The city’s creative roots range from vaudeville to indigenous art
It seems Santa Ana has become one big stage. On any given day, visitors to Orange County’s administrative and cultural core can experience avant-garde exhibits from up-and-coming artists, world-class student performance art, ancient artifacts from around the world, and even a performance by the Pacific Symphony in an intimate micro-venue.
But how did Santa Ana become OC’s epicenter of artistic activity?
Santa Ana’s roots as a destination for the arts, entertainment and culture go back nearly as far as the City itself. Ever since the Yost Theater raised its curtain as the region’s first vaudeville theater more than a century ago, Santa Ana has been home to painters, sculptors, actors, artisans, musicians, chefs, filmmakers and creative-based schools and businesses.
One of OC’s first fine art attractions was the Bowers Museum, which christened its Mission Revival-style campus on Santa Ana’s Main Street in 1936 as the county history museum. The museum’s footprint has evolved over the years to include artwork and artifacts from around the world – with a permanent collection of more than 100,000 objects representing indigenous Native American, African, Asian and Oceanic cultures. A rotating schedule of new exhibits keeps the museum relevant to both students and serious patrons.
As the local population grew during the latter part of the 20th century, the Santa Ana art community flourished and developed its own style reflective of the city’s diverse population and culture. In 1980, the OC Center for Contemporary Art (OCCCA) opened in a historic building at 2nd Street and Sycamore Street, in a then-obscure corner of downtown. This nonprofit “alternative-space gallery and creative think-tank” celebrates nearly 40 years of exhibiting forward-thinking, socially-conscious work from local artists.
The landscape changed dramatically in 1994 when California State University, Fullerton (CSUF), founded the CSUF Grand Central Art Center, This student- and artist-in-residence partnership between the City and CSUF’s College of the Arts is dedicated to contemporary art and visual culture. Its three main galleries host socially-engaged, community-based exhibitions and showings.
Together, the CSUF Grand Central Art Center and OC Center for Contemporary Art inspired development of Santa Ana’s now-burgeoning Artists Village – a colorful enclave of live/work artist studios, galleries and restaurants occupying a series of restored historic buildings in and around the four-square blocks bounded by 1st and 3rd Streets and Main and Broadway.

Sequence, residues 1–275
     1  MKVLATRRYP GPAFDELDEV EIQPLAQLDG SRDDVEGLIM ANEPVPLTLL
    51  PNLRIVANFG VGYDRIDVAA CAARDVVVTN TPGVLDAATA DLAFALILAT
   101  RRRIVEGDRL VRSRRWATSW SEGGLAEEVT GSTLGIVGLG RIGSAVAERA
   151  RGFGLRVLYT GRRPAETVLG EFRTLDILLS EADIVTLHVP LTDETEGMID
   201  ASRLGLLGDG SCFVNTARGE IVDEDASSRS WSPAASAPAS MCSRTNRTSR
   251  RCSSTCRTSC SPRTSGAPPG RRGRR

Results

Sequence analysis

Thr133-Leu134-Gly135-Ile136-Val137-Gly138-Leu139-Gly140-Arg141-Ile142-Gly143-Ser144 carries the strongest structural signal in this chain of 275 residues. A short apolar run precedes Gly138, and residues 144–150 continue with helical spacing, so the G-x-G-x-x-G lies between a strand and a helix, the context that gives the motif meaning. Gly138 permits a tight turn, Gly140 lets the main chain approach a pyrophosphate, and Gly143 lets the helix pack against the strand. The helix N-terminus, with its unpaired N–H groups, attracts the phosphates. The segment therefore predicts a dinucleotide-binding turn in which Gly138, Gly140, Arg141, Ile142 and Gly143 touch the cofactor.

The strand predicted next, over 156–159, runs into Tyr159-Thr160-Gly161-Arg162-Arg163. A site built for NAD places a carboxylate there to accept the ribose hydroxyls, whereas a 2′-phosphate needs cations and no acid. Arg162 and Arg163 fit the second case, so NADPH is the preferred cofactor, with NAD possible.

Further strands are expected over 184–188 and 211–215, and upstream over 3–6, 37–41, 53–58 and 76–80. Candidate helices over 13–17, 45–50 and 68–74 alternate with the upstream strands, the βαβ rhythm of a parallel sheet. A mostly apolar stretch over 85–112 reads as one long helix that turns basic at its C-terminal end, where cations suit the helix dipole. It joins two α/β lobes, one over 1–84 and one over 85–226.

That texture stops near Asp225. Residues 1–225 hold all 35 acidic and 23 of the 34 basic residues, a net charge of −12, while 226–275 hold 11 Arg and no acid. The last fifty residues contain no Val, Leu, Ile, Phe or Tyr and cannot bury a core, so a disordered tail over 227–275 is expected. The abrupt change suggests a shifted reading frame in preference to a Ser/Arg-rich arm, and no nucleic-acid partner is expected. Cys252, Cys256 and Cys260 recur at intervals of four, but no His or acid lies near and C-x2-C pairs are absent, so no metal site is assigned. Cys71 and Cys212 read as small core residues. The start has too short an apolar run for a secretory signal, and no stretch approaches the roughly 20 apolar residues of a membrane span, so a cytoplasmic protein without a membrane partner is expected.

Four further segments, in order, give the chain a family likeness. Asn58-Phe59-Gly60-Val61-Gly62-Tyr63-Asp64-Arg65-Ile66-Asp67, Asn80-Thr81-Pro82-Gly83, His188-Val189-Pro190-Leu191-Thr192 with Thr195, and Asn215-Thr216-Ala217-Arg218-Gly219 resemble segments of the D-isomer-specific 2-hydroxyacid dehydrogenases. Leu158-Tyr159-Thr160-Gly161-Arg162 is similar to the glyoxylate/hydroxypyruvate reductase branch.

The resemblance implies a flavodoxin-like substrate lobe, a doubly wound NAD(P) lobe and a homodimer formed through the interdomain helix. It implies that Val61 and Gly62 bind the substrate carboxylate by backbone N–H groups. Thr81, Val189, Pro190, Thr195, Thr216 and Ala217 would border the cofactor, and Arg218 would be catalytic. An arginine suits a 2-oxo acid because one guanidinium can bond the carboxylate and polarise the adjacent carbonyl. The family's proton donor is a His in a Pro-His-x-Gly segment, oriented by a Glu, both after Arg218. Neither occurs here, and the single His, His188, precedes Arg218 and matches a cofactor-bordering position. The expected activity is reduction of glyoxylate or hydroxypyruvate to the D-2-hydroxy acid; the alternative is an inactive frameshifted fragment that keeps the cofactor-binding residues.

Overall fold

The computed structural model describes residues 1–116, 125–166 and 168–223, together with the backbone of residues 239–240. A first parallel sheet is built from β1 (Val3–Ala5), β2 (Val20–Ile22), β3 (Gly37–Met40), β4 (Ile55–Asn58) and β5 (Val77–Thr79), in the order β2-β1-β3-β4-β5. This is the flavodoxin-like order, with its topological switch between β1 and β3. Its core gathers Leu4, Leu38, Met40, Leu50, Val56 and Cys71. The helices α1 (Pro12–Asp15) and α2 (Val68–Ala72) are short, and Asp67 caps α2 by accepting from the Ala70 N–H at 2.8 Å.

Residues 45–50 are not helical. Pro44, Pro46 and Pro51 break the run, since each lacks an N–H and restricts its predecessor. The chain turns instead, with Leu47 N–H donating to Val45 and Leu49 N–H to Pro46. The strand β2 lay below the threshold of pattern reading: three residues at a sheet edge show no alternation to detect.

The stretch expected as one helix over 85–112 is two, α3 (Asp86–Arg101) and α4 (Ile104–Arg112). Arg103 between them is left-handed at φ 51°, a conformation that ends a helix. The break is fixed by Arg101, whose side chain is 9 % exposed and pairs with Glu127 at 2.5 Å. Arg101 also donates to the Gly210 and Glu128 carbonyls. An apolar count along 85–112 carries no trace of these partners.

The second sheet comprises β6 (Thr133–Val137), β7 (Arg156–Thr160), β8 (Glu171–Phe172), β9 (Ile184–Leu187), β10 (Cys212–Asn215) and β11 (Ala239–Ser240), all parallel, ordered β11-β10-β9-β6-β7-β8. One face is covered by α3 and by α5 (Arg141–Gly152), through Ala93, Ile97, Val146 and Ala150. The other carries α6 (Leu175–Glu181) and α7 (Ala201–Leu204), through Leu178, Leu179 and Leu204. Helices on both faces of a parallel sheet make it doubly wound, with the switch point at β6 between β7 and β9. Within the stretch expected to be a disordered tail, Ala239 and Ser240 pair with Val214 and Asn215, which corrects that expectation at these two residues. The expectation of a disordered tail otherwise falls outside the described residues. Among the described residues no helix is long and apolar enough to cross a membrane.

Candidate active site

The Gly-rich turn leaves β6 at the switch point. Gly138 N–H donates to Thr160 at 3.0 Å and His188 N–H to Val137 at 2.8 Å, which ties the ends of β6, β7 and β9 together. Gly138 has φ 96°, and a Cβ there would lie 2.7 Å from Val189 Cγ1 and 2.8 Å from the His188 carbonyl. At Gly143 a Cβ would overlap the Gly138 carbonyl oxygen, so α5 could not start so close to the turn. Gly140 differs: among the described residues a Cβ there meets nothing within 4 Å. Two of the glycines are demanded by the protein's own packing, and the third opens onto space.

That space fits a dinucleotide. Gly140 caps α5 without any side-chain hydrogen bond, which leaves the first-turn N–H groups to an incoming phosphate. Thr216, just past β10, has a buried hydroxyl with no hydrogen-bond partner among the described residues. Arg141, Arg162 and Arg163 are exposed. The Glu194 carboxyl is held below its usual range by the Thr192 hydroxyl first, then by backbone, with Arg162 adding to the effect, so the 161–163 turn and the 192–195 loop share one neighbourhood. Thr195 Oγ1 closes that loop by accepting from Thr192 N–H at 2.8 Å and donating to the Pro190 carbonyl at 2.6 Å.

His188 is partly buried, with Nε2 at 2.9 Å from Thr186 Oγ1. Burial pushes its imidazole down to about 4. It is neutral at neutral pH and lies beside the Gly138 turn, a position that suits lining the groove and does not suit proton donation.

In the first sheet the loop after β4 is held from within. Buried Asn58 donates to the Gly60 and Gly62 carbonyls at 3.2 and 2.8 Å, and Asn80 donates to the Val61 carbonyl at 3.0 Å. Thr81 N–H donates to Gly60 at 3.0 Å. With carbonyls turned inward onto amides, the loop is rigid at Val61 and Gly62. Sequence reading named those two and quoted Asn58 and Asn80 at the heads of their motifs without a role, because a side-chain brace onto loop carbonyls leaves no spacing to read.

Love for the arts spread to younger ages when the city became the permanent home of the Orange County School of the Arts (OCSA) in 2000. Cementing Santa Ana as a center of arts education in Southern California, this world-renowned 7th-12th grade public charter school serves as a talent incubator in film, TV, theater, dance, fine art, music, visual studies, the culinary arts and more – and offers a continually evolving calendar of performance, concerts, exhibits and other public events.
Given Santa Ana’s past, it’s no surprise that it has also become a magnet for creative-based businesses. Recognizing the city’s artistic promise, DGWB moved from an Irvine, Calif., office park to the vacant 1935 Santa Ana City Hall Building in 2000 to recharge its creative roots and connect more authentically with its clients and community. The award-winning ad and PR firm, now known as Amusement Park, houses three floors of designers, producers, filmmakers, writers, musicians, and artists that add to the city’s creative tapestry – and offers the ground floor to smaller marketing and media services firms.
Inevitably, other entrepreneurs have followed wanting to blend the creative vibe with the latest digital infrastructure, including culinary social media giant FoodBeast, and electronic gaming center eSports Arena.
Predicting the next chapter in Santa Ana’s creative story is anybody’s game. But one thing is certain: those of us fortunate to be able to experience the city’s transformation firsthand aren’t complaining.
Cover Photo: Art Installation by Michael Nannery